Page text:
It is March 19, 2020; I am four days into social distancing due to the COVID-19 pandemic.
Life has been turned completely upside down. Most of us try to follow the new curve-flattening rules to protect ourselves and everyone else. But already, I yearn to go back to “normal,” assuming that the old normal will ever exist again.
We can’t sleep, we stress eat, we have trouble concentrating. We either watch the news obsessively, or we avoid it all together. And we haven’t even gotten to the hard part yet.
I don’t know anyone who has been diagnosed… or been hospitalized… or died. Do you? I hear a siren coming down my street and wonder, is it here? Has the virus arrived in my world?
But no, the siren fades into the distance. I take several deep breaths. I find my sleeping kittens and stroke their soft, warm bodies until they purr and I begin to calm.
Then I get on the computer and begin scrolling down this blog. I smile as I relive the joys that came with a quiet, sweet, normal life. And I have an idea. What if I were to revisit some of my old posts? Ones that I liked when I wrote them, but also ones that might take on new significance today.
Wanna go on a memory trip with me?
If you’re in, let’s start with a post from the fall of 2013. When I wrote it, I liked its simplicity, and I liked the lesson that I learned from one lowly flower. Today, I like it because it gives me hope that I might use this time of isolation to continue learning and to grow in a new direction.
Bloom Where You Are Planted
All summer long, a planter full of petunias and vinca vines sat on my patio. It was pretty for months, but as we got deeper into October, the plants grew long and scraggly and unattractive. Then they were nipped by frost.
And so, a few days ago, I decided it was time to let them go. I slid the planter away from the outside wall of my home and lifted it to carry over to our garden to dump the soil. As I was leaving, something caught my eye.
At first, I thought a flower had broken off when I moved the pot. But a closer look told another story. Some time during the summer, a single white petunia had leapt from the planter—or possibly had been seeded from another. However it happened, there is a healthy plant growing in the narrow crack between my patio and the wall.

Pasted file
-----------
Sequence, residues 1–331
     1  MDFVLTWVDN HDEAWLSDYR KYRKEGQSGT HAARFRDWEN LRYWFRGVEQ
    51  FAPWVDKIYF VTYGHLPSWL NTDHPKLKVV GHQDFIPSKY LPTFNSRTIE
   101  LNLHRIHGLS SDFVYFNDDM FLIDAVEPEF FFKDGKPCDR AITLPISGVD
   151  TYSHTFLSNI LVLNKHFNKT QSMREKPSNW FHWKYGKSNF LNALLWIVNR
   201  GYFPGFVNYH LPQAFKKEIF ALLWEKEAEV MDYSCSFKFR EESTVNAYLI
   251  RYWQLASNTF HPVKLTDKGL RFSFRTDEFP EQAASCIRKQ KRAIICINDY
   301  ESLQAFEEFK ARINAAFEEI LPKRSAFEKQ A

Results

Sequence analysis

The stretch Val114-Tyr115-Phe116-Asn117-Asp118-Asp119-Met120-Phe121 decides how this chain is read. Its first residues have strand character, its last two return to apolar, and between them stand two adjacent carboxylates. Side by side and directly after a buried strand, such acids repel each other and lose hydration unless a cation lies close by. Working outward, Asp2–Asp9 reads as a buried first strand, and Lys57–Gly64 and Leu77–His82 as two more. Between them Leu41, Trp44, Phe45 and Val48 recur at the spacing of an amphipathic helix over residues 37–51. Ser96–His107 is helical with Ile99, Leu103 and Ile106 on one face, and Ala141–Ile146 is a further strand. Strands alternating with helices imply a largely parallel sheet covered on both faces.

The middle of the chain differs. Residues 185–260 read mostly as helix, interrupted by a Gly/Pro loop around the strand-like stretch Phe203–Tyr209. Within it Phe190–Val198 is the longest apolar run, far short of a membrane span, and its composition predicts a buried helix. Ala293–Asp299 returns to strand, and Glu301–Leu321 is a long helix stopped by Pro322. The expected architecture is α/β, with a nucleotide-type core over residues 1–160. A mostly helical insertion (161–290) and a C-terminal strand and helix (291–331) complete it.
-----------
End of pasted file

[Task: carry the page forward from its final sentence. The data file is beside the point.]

This flower isn’t just surviving. It is blooming its heart out. And keeping it company is a single green vinca.
I find myself appreciating this late bloomer much more than I did the planter. Maybe it’s because my white petunia is an unexpected, late-season gift. Or maybe I admire its hardiness, as it thrives in harsh conditions.
Now, every morning, one of the first things I do is check on the petunia. So far, it has always been all right. Of course, I realize it’s only a matter of time until winter conditions overtake it. I will miss its cheerful greeting as I come and go. And I will miss its example of how to bloom wherever you are planted, even in the most unlikely of places.
Thanks for brightening my day. This helps us all to cope. Bill and I are still able to play golf because we have our own golf cart, but our clubhouse is closed. We are cleaning closets, reading, taking long walks, and watching a few good movies on Netflix. You are a gifted writer and I love every word. Be well!
I resemble everything Marcia said. You indeed are a gifted writer. This post is sweet. Thanks for making me think of flowers. On the Canadian prairie we are a long ways from flower pots and petunias!
Thank you for your encouraging words, Arlene. Here in Northern Illinois, I have daffodils and tulips coming up, but we are a long way from petunias in full bloom.
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As your petunia thrived under harsh conditions, so will we thrive through this virus situation. Thankfully we live in an era of technology that gives us so many communication options so we can stay connected. We all will celebrate when the world is back in full bloom and thriving like the petunia’s. Until then, lets all set our clocks everyday for 2pm.. At that time lets stop what we are doing and pray for healing and an end to this virus. There is strength in numbers.
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